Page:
Dissecting the molecular mechanisms of neural-fibroblast interactions in woundhealing
Dr D Lambert
Prof F M Boissonade
Dr A Nikolaev
No more applications being accepted
Competition Funded PhD Project (European/UK Students Only)
The skin and other epithelial surfaces, such as the oral mucosa, play a critical role as a
barrier to viral and bacterial pathogens and other environmental insults. These surfaces are
vulnerable to injury, necessitating efficient wound healing responses. These responses can
be affected by many factors, including diseases such as diabetes, as well as cancer therapy
and age. Defective wound healing is a major cause of ill health, poor quality of life and poses
a huge economic burden on the NHS. Peripheral neuropathy, the loss of neurons from the
connective tissue underlying epithelial barriers, is strongly implicated in defective wound
healing associated with disease and age. The mechanisms underlying this phenomenon,
however, remain poorly understood.
We have evidence that fibroblasts, the predominant cell type found in connective tissue, are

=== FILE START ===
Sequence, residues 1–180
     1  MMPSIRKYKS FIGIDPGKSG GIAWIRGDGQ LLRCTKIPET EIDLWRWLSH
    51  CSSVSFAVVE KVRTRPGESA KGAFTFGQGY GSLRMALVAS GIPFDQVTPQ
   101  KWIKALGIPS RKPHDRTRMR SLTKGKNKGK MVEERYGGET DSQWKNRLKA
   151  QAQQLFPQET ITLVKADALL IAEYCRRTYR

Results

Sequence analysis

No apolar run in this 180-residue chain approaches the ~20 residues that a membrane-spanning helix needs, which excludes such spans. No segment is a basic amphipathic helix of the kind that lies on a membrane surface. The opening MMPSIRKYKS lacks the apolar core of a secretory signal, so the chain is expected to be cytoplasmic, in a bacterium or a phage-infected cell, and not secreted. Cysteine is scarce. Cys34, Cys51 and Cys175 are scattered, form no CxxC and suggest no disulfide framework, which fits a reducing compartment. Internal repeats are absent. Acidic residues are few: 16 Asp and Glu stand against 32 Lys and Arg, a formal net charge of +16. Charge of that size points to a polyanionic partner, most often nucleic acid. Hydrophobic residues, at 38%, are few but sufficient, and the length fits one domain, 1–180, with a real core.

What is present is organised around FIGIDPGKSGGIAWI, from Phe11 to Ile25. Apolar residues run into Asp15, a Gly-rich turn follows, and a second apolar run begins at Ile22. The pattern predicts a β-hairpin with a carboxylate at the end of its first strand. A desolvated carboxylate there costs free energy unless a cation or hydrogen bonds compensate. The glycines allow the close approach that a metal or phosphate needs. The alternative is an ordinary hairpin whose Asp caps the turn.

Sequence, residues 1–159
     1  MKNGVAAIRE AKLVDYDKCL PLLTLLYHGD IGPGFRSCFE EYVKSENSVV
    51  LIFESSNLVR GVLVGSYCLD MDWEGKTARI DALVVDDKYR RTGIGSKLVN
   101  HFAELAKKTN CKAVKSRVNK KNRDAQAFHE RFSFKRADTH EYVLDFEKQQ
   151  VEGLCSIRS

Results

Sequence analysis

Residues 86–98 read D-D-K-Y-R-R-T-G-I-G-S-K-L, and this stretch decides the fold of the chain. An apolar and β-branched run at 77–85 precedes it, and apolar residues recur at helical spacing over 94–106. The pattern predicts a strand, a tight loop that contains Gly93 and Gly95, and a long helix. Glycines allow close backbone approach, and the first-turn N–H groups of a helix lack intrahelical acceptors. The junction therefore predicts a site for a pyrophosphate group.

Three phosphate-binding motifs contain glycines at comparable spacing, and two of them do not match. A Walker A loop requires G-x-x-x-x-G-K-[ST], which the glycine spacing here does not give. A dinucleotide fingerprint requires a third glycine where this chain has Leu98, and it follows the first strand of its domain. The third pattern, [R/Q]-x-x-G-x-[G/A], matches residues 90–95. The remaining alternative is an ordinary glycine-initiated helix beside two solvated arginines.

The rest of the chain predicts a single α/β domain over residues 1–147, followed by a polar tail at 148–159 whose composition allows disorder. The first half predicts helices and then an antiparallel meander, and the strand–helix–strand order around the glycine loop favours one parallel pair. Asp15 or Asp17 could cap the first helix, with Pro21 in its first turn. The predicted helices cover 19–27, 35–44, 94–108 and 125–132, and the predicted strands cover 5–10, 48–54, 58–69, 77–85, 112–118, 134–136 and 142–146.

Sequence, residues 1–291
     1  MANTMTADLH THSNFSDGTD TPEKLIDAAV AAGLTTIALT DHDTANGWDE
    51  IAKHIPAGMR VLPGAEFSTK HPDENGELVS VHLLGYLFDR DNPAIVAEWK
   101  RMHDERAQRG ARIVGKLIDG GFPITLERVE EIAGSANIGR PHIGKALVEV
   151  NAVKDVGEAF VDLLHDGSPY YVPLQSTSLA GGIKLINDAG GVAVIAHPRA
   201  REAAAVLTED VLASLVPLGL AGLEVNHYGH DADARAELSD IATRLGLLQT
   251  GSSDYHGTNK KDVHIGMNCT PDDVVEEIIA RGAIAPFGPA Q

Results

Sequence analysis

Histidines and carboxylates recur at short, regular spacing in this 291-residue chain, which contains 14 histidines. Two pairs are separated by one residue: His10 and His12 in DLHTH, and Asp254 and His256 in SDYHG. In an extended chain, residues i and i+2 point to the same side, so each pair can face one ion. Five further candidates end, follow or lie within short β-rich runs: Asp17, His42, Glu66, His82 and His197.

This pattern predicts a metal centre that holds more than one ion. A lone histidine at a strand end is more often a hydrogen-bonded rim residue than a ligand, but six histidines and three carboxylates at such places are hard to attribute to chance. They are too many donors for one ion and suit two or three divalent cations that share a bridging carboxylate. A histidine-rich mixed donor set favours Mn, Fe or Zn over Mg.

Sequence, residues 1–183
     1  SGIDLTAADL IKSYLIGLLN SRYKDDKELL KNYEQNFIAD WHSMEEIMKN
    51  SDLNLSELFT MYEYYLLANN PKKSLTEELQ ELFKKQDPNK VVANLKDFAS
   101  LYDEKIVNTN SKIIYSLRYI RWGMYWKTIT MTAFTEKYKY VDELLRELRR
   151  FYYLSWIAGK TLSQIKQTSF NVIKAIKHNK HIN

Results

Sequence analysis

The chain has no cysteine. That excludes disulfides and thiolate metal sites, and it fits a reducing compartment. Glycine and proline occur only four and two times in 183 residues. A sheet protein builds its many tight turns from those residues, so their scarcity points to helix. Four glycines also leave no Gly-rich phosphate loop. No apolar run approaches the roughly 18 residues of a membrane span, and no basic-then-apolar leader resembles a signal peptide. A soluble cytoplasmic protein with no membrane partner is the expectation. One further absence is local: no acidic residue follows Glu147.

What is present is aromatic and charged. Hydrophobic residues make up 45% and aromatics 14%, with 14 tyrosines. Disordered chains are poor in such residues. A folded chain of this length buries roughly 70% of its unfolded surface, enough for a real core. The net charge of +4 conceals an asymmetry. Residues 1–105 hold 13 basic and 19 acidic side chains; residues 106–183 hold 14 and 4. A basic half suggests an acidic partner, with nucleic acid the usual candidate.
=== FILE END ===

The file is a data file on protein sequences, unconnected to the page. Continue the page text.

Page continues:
stimulated to differentiate into myofibroblasts, a process critical for effective wound healing,
by signals generated by sensory neurons. We have also observed that isolated primary
neurons are activated and stimulated to form neurites by myofibroblast-derived signals. In
this project, we propose to comprehensively characterise the interactions between sensory
neurons and fibroblasts, with the aim of elucidating fundamental mechanisms underlying the
influence of neurons on wound healing.
Specifically, we will test the hypothesis that fibroblast-neuronal interactions are necessary
for effective wound healing, and that these are altered by ageing. This will achieved using a
range of approaches including primary neuronal, fibroblast and other cell culture and
coculture, qPCR, western blot, immunocytochemistry, FACS cell sorting, calcium flux
imaging, RNAseq and models of denervation.
This project will bring together interdisciplinary expertise to answer an important question
relating to the role of sensory innervation of connective tissue and its contribution to wound
healing, and begin to elucidate the influence of ageing on these interactions. In addition, the
potential of neuronal mediators as pro-regenerative agents will be determined, providing a
platform for subsequent translational studies.
RCUK equivalent home stipend rate per annum for 3.5 years
Home tuition fees for 3.5 years
£6500 for consumables
Overseas students may apply but will need to fund the difference in tuition fees between the home and overseas rate.
Applicants should have, or expect to shortly achieve, a first class or upper second class honours degree in a biological sciences subject or a related discipline, and a merit or distinction in a suitable MSc or equivalent experience. Experience of working in a research laboratory is desirable, and enthusiasm essential.
You should be applying to start in October 2020.